In the classic graphic novel Maus, Art Spiegelman uses dehumanization as a key literary technique. The choice to draw all the Jews as mice hammers home the trapped, scared feeling of living as prey on every panel. The choice to draw the Germans as cats dehumanizes the Nazi party as well, though in a different way. It turns them into inhuman hunters who are ruled by animalistic instincts. The choice to illustrate the Jews as mice and the Nazis as cats works on both a conscious and subconscious level,\ and is one of the main reasons for the enduring popularity of the book.
In Maus 1: A Survivor’s Tale: My Father Bleeds History, dehumanization is a central theme—both in how the Nazis sought to dehumanize the Jews in the concentration camps and also from the Jewish perspective—how the sense of being a human being could start to unravel when put under those conditions. A good example of the latter is in the very first pages of the book, where a young Art complains to his father Vladek that he fell and how his friends skated away without him.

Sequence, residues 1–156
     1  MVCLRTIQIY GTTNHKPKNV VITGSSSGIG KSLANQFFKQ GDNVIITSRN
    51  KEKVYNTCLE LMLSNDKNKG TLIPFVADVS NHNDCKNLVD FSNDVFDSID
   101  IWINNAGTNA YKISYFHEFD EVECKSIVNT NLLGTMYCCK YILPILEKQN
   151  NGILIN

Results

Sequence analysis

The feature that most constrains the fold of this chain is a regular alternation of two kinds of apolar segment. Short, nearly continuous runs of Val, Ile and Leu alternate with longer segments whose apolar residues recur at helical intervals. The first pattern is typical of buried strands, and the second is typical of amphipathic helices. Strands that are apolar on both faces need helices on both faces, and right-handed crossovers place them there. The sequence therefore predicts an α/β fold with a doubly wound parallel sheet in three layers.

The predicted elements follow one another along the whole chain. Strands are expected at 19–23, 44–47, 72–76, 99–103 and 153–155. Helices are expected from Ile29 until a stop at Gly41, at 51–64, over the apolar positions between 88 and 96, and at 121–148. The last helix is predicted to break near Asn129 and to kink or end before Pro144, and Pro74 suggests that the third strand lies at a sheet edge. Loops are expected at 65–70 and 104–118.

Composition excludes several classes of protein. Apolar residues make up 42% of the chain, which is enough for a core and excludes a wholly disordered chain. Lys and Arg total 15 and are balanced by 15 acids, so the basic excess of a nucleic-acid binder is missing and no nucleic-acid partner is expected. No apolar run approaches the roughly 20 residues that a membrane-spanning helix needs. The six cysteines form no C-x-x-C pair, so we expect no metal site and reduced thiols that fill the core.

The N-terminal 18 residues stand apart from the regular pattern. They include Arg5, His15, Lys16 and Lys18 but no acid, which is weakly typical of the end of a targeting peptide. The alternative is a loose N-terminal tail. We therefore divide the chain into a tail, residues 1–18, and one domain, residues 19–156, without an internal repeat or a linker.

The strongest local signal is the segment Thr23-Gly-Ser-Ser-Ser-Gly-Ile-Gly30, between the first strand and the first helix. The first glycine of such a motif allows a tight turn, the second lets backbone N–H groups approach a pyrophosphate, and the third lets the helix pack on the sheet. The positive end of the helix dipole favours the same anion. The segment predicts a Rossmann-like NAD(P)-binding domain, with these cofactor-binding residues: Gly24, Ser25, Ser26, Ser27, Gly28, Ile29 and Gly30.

His father replies: “Friends? Your Friends? If you lock them together in a room with no food for a week…then you could see what it is, friends!” The inhuman conditions of Auschwitz have, understandably, had a long-lasting effect on Vladek. The horrible atrocities of the camps, which the reader sees later in the novel, are touched on here with the suggestion that, when people are dehumanized, societal human bonds such as friendship begin to break down.